THIS is the trajectory that Singapore wants its young people to be on: higher education leading to higher productivity and higher incomes.
But in an article for the Civil Service College here, two British scholars have questioned if that relationship still holds.
They point to the education explosion that has taken place worldwide, and especially in the emerging economies, where they estimate university enrolment has doubled since the mid-1990s.
In 2009, some 179 million students had access to the same developments in science, technology and business previously reserved for students in Western universities, write Professor Phillip Brown of Cardiff University and Professor Hugh Lauder of the University of Bath.
Between 2004 and 2007, they interviewed 125 companies and 65 policymakers in seven countries - Britain, the United States, Germany, China, India, South Korea and Singapore - to identify trends that would have an impact on education, jobs and incomes in a big way.
The result was a 2012 book titled The Global Auction: The Broken Promises Of Education, Jobs And Incomes.
In it, they warn that the majority of graduates could end up in skilled jobs paying modest wages because of a global oversupply of degree holders.
They add that the global expansion of higher education would be less of a problem for Western societies and countries like Singapore, if emerging economies failed to match the quality standards of the developed economies.
But that is not so.
"The bad news for the developed economies is that the second trend is a quality-cost revolution - resulting in a rapid increase in productivity levels and quality standards, and at lower costs than in the West, following the application of best practice in emerging economies," they write.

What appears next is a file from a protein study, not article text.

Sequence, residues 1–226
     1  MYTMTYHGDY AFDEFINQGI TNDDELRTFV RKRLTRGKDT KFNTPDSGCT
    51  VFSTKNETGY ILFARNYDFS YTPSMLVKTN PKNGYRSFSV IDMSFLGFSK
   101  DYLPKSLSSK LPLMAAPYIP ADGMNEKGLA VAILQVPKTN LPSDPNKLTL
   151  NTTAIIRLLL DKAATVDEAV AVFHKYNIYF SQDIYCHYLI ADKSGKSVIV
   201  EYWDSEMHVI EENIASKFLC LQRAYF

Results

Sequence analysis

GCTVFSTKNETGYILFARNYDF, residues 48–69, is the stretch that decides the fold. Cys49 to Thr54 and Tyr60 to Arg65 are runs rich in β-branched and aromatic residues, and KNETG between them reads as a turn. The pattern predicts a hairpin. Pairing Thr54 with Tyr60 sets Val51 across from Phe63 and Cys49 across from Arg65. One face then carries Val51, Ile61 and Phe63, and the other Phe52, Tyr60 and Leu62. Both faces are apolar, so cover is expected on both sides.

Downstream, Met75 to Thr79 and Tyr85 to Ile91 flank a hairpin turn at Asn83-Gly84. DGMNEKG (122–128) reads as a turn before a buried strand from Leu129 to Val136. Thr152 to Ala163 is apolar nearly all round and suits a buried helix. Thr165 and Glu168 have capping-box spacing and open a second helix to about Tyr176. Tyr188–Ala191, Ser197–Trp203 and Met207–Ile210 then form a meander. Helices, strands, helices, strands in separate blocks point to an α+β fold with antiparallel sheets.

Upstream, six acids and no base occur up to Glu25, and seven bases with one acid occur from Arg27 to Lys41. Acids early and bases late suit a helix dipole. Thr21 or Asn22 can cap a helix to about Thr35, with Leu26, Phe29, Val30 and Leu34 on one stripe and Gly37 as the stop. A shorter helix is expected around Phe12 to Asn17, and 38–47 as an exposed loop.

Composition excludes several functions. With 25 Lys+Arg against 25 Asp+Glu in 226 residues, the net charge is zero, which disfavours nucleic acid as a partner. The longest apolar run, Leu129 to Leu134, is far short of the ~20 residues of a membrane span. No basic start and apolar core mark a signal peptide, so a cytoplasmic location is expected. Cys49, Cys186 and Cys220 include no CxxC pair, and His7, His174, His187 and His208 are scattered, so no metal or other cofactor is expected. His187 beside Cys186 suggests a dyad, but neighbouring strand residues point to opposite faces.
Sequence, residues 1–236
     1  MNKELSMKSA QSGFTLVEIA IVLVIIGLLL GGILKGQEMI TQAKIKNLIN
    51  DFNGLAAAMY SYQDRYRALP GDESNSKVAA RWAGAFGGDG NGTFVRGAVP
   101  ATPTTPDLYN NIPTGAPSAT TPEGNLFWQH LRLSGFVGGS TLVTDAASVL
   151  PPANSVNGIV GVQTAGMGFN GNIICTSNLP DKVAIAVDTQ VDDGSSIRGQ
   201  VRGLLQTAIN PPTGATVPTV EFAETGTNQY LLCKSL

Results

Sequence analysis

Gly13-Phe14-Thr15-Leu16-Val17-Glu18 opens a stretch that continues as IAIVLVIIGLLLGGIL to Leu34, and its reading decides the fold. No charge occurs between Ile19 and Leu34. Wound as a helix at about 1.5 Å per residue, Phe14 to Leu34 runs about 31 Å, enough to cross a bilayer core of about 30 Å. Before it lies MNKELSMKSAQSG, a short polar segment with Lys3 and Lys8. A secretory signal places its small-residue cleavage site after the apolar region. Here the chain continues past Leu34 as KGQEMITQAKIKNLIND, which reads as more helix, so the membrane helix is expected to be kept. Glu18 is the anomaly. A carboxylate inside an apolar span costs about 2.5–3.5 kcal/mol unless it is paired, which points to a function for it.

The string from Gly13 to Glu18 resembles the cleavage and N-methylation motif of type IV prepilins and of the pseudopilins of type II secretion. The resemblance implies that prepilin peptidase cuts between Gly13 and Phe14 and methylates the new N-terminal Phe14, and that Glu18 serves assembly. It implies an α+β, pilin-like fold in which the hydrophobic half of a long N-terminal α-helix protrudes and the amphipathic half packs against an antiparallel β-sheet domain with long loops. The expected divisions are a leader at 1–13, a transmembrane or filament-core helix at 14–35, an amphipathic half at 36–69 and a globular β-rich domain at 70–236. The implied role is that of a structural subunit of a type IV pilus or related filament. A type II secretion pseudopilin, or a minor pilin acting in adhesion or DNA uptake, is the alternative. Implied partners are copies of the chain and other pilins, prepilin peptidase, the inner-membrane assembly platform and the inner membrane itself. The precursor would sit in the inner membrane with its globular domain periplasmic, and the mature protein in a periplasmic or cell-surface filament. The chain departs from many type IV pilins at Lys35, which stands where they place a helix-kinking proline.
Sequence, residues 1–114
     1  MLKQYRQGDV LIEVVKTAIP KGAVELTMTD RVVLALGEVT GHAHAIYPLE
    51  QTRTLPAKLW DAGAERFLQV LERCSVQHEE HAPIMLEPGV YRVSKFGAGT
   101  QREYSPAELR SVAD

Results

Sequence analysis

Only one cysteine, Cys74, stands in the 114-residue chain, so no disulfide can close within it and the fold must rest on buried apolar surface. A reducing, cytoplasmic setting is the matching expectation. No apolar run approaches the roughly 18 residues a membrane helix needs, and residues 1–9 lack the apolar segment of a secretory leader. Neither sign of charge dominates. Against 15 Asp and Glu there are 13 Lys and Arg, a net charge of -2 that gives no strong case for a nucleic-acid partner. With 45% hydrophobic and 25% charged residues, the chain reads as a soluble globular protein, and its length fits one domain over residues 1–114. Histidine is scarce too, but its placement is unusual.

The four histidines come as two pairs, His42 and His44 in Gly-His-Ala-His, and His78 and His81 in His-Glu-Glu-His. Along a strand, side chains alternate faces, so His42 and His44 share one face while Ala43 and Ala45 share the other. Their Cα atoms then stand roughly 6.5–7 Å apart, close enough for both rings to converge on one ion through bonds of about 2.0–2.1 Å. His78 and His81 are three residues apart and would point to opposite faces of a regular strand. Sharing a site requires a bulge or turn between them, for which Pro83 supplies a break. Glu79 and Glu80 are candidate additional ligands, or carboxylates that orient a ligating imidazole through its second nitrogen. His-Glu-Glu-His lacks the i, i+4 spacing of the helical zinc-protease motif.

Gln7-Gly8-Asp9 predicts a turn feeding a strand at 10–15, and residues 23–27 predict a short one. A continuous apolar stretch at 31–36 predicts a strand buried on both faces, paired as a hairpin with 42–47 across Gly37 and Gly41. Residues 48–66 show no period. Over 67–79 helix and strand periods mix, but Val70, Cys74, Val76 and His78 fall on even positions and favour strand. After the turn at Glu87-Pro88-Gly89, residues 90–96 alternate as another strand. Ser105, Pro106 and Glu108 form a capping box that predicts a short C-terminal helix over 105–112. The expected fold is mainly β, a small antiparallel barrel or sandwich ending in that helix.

Given these trends, it is a no-brainer that profit-maximising, cost-cutting multinational corporations (MNCs) will relocate jobs to where there is skilled labour willing to work for less.
The global auction is in effect a reverse auction, and the skilled workers who submit the lowest bid, win.
In their article for the Civil Service College's publication Globalising Skills: Implications For Singapore, the two British scholars challenge the link that policymakers here have drawn between education, productivity and incomes.
Does it still hold, they ask. And "how can it be sustained in the light of the global auction which is likely to bid down the wages of graduates, with the exception of those considered the most talented"?
The exception refers to the global war for talent that multinational companies will continue to wage. This war is focused on a very thin slice of the graduate population - namely the best and brightest from the world's elite universities.
In the auction at this end of the market, the firm that bids the highest wins the right to hire this top talent.
The two dons thus predict widening income inequalities within middle-class occupations, as the best are treated very differently from the rest.
They recommend that Singapore respond in two ways.
The first concerns talent. Singapore needs to nurture local talent that MNCs will find attractive, and which will help anchor their presence here.
The second concerns nurturing its own small and medium-sized enterprises.
This strategy grants Singapore a degree of economic autonomy within a context of MNCs constantly seeking to cut costs through relocation.
Singapore has been working on this for some time, they note, but in the light of the global auction, "there is greater urgency".